Systematic reviews and meta-analysis focused on Gram-negative bloodstream infections (GNBSI) and interventions specifically aimed at carbapenemase-producing Enterobacteriaceae, Acinetobacter baumannii and Pseudomonas aeruginosa.
With the overwhelming amount of evidence and studies being published it is almost impossible for clinicians to keep up-to-date with all the literature. Systematic reviews provide summaries of outcomes and interventions, whether they are successful or not, in one publication.
Systematic reviews or meta-analysis for reducing GNBSI
Healthcare‐associated infections due to multidrug‐resistant (MDR) Gram‐negative bacteria (MDR‐GNB) are a leading cause of morbidity and mortality worldwide. These evidence‐based guidelines have been produced after a systematic review of published studies on infection prevention and control interventions aimed at reducing the transmission of MDR‐GNB.
These guidelines provide advice on screening (testing), treatment and precautions needed to prevent the spread of multidrug‐resistant (MDR) Gram-negative bacteria. They relate to MDR Gram-negative bacteria and have been derived from current peer-reviewed publications and expert opinion. Each recommendation is associated with a class of supporting evidence.
This is a systematic review that looks at the evidence for decolonisation of multidrug-resistant Gram negative bacteria carriers. The aim of these guidelines is to provide recommendations for decolonising regimens targeting multidrug-resistant Gram-negative bacteria (MDR-GNB) carriers in all settings.
Systematic reviews for the prevention and control of carbapenemase-producing Enterobacteriaceae , Acinetobacter baumannii and Pseudomonas aeruginosa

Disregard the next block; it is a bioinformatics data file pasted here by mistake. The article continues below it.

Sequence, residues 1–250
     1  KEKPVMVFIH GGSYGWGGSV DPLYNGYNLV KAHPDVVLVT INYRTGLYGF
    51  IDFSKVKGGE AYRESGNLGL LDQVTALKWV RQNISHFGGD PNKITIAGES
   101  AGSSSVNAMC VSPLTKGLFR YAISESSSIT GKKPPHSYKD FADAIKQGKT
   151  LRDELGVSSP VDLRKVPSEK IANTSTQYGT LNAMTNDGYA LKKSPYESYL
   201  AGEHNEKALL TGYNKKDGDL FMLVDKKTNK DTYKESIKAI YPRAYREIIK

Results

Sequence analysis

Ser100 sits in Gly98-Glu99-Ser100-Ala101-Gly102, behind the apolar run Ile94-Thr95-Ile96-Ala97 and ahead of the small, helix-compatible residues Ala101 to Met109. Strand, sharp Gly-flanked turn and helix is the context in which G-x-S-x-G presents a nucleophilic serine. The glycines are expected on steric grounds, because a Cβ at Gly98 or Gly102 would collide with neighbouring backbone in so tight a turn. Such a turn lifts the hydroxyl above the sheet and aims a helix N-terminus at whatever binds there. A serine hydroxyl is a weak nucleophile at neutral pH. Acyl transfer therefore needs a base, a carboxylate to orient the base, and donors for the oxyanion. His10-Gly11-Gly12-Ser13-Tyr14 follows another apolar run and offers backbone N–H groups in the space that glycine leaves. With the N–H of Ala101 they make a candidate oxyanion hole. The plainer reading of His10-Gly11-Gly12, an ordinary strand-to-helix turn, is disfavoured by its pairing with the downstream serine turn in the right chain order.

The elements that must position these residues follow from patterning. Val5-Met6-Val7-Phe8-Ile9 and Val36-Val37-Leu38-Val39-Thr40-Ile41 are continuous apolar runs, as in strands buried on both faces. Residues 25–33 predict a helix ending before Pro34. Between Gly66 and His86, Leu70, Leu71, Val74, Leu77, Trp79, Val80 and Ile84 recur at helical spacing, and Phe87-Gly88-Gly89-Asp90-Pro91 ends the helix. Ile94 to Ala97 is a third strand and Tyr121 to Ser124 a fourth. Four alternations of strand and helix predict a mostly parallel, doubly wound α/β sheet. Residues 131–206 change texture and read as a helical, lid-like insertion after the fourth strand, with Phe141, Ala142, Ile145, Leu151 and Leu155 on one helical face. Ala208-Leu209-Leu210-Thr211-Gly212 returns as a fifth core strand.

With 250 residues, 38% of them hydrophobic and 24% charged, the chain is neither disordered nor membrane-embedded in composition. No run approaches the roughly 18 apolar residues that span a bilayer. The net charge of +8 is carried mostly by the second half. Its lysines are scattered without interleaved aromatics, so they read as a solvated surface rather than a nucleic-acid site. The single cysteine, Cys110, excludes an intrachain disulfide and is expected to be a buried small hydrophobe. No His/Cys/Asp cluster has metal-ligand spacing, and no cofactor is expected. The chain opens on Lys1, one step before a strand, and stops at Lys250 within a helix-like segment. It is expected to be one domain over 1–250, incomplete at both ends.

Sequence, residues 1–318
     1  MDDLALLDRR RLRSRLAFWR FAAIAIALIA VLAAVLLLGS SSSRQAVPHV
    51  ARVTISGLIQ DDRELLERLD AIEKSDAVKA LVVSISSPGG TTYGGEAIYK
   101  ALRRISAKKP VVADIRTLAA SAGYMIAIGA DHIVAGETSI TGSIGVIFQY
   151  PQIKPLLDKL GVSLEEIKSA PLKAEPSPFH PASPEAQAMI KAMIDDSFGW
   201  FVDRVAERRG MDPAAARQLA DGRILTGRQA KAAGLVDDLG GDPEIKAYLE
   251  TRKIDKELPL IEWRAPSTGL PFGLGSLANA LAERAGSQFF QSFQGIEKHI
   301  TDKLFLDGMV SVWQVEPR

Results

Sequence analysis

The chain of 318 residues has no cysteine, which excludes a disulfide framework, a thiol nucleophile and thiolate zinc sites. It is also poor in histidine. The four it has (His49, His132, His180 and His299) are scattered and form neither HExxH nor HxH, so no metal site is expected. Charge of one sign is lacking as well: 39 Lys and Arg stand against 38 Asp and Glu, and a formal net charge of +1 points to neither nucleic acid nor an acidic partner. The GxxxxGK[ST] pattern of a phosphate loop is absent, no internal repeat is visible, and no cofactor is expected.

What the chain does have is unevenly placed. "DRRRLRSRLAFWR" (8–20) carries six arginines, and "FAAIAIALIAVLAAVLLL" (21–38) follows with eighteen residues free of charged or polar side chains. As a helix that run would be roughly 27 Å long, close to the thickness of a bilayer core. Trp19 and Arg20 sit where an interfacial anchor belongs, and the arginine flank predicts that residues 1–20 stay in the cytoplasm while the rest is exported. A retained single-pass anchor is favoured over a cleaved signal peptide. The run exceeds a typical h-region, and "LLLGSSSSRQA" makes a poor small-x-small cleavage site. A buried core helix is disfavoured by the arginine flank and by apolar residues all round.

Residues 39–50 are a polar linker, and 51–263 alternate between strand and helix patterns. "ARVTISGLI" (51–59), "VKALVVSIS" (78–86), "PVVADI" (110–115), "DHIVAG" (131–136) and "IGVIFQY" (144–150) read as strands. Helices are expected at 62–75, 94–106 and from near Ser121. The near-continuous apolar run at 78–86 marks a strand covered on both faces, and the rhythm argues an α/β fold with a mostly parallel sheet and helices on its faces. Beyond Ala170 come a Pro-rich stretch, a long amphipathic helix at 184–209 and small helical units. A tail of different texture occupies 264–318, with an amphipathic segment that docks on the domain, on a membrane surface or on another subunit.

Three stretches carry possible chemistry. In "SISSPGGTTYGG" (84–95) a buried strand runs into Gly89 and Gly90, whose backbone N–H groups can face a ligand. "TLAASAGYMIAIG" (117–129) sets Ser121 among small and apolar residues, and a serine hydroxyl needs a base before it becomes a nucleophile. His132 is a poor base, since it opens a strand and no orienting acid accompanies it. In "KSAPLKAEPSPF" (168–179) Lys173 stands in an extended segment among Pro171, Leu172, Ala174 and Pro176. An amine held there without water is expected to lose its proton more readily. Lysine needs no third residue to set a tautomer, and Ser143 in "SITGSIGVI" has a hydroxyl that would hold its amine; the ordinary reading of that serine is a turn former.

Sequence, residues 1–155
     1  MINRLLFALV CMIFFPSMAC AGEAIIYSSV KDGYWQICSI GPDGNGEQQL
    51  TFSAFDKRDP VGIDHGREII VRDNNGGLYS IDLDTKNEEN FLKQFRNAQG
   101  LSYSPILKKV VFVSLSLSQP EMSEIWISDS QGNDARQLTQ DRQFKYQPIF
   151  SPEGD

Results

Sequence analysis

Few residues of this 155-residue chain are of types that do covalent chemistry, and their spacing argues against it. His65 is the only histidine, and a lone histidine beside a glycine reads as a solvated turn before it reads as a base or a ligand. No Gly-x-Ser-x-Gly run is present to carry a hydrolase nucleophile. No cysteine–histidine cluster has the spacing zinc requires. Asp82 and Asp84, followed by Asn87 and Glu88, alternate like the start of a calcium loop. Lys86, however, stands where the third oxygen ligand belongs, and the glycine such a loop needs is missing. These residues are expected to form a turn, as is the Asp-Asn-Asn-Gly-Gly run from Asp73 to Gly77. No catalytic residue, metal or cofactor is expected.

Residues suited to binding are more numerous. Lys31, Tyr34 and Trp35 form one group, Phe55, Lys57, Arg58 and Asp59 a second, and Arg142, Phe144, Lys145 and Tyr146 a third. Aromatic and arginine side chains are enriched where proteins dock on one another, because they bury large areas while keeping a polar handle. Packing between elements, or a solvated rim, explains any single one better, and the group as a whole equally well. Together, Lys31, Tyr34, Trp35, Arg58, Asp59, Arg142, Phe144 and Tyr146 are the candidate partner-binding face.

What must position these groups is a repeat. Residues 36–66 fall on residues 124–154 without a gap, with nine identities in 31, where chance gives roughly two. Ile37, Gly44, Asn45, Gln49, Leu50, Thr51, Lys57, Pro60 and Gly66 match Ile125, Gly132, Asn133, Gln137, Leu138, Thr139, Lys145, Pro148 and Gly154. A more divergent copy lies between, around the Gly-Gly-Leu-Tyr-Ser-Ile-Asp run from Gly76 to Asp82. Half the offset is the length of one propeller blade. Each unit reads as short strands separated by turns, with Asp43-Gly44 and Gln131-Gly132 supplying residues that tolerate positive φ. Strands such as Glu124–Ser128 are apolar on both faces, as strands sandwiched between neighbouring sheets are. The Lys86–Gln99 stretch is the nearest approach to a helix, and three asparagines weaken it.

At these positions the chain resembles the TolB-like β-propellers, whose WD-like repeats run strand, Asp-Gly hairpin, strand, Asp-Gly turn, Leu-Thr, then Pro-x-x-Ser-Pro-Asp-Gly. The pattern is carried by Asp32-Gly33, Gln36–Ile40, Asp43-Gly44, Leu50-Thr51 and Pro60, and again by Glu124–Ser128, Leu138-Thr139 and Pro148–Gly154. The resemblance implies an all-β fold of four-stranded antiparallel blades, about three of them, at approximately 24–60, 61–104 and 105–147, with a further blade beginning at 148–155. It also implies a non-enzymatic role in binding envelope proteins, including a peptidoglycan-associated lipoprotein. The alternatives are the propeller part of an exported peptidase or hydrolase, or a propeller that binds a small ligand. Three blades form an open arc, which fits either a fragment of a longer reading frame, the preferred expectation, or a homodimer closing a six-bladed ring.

The aim of this project was to review the international literature to describe CPE outbreaks in acute hospital settings globally and identify the control measures used during these outbreaks and report their effectiveness.
A systematic review and re-analysis to assess infection prevention and control interventions on carbapenem-resistant Enterobacteriaceae (CRE) carbapenem-resistant Acinetobacter baumannii (CRAB) and carbapenem-resistant Pseudomonas aeruginosa (CRPsA) in inpatient healthcare facilities to inform World Health Organisation guidelines.
Systematic review of the effectiveness of infection control measures to prevent the transmission of extended-spectrum beta-lactamase-producing Enterobacteriaceae through cross-border transfer of patients.
Healthcare associated infection outbreaks from water reservoirs
This review article looks at healthcare-associated outbreaks and infections associated with a water reservoir. It provides infection prevention strategies and control measures based on the published scientific evidence and available guidelines.
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What is a systematic review?
A systematic review is a method whereby multiple sources of published evidence about a particular clinical issue are reviewed and synthesised in a way that limits bias and presents the combined evidence from all of the sources. Systematic reviews are valuable because they present the summary of the evidence from multiple studies. They may also include a meta-analysis which uses statistical techniques to combine the data provided in several studies into a single estimate.